More than 1,800 Tesco staff are at risk of redundancy as the retailer overhauls its in-store bakery operation to meet changing consumer requirements.
With fewer customers buying traditional loaves of bread, the retailer is reducing the number of stores where employees bake products from scratch.
Products will be delivered part-baked into 58 stores, while 201 will continue to prepare and bake the most popular products with only a few arriving part-baked.
Some 1,816 employees face redundancy, as the changes will bring in simplified routines that will require fewer staff to work in its in-store bakeries.
The retailer said in a statement: “At this difficult time, our priority will be to support those colleagues impacted, including finding an alternative role from the many thousands of vacancies we will have available across our store networks between now and May, for those who wish to stay with us.”
Jason Tarry, UK & ROI CEO, said: “We need to adapt to changing customer demand and tastes for bakery products so that we continue to offer customers a market-leading bakery range in store. We know this will be very difficult for colleagues who are impacted, and our priority is to support them through this process. We hope that many will choose to stay with us in alternative roles.”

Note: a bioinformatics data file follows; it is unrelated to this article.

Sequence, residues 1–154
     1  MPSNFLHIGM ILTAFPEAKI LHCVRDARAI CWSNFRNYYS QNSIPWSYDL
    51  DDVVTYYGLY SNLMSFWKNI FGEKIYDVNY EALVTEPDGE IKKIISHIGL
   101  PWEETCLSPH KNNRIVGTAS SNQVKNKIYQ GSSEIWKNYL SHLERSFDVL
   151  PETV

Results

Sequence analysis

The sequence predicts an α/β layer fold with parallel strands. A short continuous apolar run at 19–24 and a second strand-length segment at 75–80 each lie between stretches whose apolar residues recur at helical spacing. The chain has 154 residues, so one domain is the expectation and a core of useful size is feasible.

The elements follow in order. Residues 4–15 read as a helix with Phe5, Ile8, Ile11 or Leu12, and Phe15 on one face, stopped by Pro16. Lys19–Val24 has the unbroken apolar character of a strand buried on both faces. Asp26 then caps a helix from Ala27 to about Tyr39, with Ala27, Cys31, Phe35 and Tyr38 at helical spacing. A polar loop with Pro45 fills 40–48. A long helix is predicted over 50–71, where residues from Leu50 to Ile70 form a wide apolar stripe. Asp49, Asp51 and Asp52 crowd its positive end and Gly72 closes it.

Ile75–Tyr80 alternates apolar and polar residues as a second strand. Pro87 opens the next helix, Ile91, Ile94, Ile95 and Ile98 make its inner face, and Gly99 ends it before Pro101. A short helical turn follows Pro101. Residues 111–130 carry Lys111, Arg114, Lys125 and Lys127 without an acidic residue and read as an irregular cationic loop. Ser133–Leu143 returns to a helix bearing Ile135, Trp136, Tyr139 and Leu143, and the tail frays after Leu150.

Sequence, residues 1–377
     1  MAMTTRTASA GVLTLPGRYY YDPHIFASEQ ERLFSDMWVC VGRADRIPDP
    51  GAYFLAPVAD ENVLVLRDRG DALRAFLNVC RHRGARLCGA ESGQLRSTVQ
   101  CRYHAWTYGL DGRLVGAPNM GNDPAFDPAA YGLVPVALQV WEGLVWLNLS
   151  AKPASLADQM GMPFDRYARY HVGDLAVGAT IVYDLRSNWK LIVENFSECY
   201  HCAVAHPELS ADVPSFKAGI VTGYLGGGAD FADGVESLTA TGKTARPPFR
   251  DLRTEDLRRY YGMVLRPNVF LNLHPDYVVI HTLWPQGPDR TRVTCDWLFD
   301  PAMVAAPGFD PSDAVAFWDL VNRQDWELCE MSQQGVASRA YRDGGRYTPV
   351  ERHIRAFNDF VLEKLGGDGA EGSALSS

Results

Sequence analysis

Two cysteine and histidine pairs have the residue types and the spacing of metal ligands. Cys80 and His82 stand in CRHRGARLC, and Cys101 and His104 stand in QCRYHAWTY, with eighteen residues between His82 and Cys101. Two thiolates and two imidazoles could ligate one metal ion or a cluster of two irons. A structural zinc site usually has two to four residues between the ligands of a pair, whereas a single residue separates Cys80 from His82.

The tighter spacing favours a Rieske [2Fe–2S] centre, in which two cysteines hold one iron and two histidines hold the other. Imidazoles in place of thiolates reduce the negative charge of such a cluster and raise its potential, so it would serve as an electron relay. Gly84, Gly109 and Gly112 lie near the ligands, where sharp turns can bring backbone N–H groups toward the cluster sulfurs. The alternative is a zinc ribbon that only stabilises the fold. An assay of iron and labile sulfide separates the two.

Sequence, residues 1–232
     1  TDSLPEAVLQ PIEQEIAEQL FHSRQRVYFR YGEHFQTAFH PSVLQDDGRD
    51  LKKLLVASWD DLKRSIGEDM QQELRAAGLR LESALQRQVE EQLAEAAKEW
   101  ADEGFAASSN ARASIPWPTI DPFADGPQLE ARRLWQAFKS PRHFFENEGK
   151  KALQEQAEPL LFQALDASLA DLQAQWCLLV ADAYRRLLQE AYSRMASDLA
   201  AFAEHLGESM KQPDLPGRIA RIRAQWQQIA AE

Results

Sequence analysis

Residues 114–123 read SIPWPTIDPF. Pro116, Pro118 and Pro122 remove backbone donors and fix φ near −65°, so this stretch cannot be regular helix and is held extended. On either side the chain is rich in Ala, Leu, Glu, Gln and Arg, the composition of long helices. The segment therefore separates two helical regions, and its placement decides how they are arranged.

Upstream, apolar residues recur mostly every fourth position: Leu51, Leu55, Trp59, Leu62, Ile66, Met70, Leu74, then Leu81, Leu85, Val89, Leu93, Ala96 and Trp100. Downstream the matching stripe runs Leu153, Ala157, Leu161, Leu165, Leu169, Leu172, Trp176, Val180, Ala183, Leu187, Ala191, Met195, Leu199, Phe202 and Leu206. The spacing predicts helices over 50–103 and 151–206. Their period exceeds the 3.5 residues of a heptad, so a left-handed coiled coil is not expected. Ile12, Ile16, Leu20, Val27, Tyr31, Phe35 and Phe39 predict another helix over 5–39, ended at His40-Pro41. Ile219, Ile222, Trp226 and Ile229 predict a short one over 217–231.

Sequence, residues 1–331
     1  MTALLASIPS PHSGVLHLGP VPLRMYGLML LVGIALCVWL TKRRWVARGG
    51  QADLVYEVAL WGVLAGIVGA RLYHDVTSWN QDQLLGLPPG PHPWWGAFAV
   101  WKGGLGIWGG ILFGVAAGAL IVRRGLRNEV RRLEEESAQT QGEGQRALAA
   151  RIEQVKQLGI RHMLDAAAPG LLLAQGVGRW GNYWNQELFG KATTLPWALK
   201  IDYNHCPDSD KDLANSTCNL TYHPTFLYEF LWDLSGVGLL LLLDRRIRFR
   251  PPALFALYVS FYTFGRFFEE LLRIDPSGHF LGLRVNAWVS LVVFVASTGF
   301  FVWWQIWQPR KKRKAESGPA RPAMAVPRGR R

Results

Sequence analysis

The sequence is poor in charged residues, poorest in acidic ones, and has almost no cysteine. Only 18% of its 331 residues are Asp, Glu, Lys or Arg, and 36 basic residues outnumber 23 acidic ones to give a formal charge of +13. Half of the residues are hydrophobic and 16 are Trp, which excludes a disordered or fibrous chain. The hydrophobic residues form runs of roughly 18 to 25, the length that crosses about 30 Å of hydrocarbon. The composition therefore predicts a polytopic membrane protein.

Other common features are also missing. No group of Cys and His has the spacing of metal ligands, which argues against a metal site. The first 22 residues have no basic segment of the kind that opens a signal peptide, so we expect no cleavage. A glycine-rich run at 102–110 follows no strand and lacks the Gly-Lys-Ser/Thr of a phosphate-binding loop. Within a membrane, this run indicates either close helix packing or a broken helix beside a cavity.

Tesco announced a wave of redundancies last year, when it closed 90 fresh food counters and changed the operating hours of many others. It attempted to redeploy roughly half of the 9,000 employees affected into other customer-facing roles.
Some staff who were made redundant in May 2019 were asked to return some of their redundancy pay after the company admitted it had overpaid them in an “administrative error”.
The supermarket chain last year said it had completed its turnaround plan, which was launched following the false accounts scandal of 2014.